The following tables were created from information in the article "Hybridizing relationships among the Sinningia species", by the late Martin Mines of New York, published in CrossWords, v4, #2, June 1980, pp. 4-19. It was largely based on published material of Dr. Carl Clayberg.
Updates to the crossing chart were published in later issues of CrossWords, but I have not incorporated them into these tables. My real interest here is to show how many crosses had already been done by 1980. Actually, most of them were the work of Clayberg in the mid-1960s. I had a hard time getting S. leucotricha x douglasii to bloom, but it was already known to be fertile 40 years ago!
The names in the tables below are not exactly the same as in the article. Of the species shown in the original crossing chart, two, S. regina and S. discolor, have been merged with a third, S. speciosa, so they are not shown in my tables. S. claybergiana is now known as S. warmingii, S. warszewiczii is now known as S. incarnata (much to the relief of non-Slavic speakers everywhere), and S. verticillata is now known as S. douglasii.
[I must say I regret the loss of S. claybergiana. I never knew Dr. Clayberg, but I do know people who did. I never knew Herr Warming either, but Johannes Eugen Bülow Warming has other things named after him, such as a very nice Rhipsalis species (growing in my back yard), so we could have left one for Carl.]
In addition, two names, though matching those of currently recognized species, were most likely not those species. The S. canescens of the article was no doubt S. leucotricha, and the S. macropoda of the article was probably S. lineata, and these latter names are used in the table below.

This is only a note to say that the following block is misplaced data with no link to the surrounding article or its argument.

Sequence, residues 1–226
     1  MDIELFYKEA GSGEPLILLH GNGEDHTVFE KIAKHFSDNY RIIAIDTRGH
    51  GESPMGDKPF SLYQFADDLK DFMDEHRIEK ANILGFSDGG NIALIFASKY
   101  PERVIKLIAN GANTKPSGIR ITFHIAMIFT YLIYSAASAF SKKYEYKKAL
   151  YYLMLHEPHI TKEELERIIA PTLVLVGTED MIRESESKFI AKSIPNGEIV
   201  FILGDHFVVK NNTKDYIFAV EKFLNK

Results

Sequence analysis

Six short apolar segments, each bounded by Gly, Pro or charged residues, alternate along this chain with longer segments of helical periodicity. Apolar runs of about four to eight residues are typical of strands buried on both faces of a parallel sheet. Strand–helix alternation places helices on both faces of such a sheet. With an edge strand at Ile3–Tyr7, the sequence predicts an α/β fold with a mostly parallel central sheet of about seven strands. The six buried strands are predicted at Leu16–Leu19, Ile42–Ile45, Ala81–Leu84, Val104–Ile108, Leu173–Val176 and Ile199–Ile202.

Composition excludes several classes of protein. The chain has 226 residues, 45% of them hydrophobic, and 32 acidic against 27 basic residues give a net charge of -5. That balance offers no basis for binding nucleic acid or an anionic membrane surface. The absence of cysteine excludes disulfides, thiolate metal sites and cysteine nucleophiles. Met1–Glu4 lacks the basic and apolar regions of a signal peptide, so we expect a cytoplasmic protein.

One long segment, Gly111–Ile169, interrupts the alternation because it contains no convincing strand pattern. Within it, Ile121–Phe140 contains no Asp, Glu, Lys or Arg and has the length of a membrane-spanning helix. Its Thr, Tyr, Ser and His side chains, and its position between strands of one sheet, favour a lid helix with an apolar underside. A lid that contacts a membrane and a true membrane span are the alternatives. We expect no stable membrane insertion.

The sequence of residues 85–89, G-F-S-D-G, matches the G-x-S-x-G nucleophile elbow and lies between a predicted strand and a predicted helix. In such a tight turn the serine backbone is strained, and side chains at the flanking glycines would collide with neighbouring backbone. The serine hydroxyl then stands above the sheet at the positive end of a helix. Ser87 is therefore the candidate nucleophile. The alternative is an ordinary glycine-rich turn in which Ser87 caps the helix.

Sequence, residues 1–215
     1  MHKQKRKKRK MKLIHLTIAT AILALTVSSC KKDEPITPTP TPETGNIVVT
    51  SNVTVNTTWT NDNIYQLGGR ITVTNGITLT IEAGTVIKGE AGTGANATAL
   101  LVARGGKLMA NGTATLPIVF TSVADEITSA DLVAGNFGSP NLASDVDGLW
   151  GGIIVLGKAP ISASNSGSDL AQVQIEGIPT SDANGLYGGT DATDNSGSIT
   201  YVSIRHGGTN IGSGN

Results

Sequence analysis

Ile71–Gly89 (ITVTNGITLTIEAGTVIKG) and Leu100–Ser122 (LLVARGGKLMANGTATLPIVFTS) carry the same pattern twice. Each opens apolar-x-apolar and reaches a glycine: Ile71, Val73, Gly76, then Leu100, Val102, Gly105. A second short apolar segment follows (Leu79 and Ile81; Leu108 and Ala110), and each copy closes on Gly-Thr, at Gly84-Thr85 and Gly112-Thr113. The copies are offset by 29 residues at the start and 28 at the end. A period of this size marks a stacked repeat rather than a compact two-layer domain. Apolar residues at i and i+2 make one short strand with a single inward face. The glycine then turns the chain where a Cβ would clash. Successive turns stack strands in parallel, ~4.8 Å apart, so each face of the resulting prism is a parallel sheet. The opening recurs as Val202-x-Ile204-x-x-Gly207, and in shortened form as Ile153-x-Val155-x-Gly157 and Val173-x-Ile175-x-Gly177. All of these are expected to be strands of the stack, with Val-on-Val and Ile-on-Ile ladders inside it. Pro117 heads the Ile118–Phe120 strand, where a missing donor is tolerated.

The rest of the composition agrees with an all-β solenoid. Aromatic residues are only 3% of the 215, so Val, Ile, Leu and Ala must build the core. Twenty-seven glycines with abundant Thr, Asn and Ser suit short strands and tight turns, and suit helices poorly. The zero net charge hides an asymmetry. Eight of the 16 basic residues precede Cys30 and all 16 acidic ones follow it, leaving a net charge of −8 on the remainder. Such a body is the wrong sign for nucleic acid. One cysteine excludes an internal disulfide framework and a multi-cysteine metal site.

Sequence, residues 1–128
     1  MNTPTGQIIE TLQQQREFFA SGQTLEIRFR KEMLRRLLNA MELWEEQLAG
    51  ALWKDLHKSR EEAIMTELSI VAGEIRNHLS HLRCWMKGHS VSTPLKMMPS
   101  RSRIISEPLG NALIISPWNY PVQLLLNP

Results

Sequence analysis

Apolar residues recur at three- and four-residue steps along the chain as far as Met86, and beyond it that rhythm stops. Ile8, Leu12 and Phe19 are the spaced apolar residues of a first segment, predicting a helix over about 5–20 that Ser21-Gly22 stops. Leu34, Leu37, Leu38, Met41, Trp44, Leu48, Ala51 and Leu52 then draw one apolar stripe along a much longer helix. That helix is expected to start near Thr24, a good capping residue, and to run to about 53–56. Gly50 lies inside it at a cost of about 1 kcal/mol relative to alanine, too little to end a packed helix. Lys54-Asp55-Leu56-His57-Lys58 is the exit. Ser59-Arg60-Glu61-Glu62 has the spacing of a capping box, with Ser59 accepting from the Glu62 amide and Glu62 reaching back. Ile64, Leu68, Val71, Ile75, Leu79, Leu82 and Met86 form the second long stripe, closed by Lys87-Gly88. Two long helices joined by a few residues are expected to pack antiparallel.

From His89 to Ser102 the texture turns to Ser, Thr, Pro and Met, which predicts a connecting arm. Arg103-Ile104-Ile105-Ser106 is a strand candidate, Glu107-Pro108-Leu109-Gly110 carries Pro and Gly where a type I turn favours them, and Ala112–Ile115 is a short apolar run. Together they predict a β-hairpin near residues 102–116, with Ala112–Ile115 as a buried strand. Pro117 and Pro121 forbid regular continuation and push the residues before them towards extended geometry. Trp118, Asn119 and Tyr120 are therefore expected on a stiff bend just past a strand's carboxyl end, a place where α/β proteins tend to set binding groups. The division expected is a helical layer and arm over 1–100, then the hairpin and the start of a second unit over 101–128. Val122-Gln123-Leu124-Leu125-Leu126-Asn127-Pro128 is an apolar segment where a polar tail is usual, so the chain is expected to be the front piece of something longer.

In the first table, the species are arranged in alphabetical order. There are some clumps, but any underlying pattern is not obvious to the eye.
Now we rearrange the table, grouping the species which form fertile hybrids with one another.
The interesting thing about this table is that the species groupings are very close to those delineated by the molecular genetic studies of Perret et al. discussed elsewhere on this site.
It is easy to be condescending about these old hybridization experiments, given all the DNA data and analysis tools that are available these days. We need to keep in mind that Clayberg and his compatriots did all their own hybridization work, while almost none of us do either the DNA sequencing or sequence analysis for ourselves. Instead we rely on results published by others, on analytical computer programs written by others, or on data-analysis algorithms developed by others -- or all three!
Obviously, hybridization efforts did not stop with these results. Many more hybrids between species have been achieved since this data was gathered.
In particular, one suspects that diligent and tireless work would convert all the blank spaces in this table to s. Mauro Peixoto and others have obtained crosses between distant branches of the Sinningieae tribe, including some Paliavana x Sinningia hybrids. Everything suggests that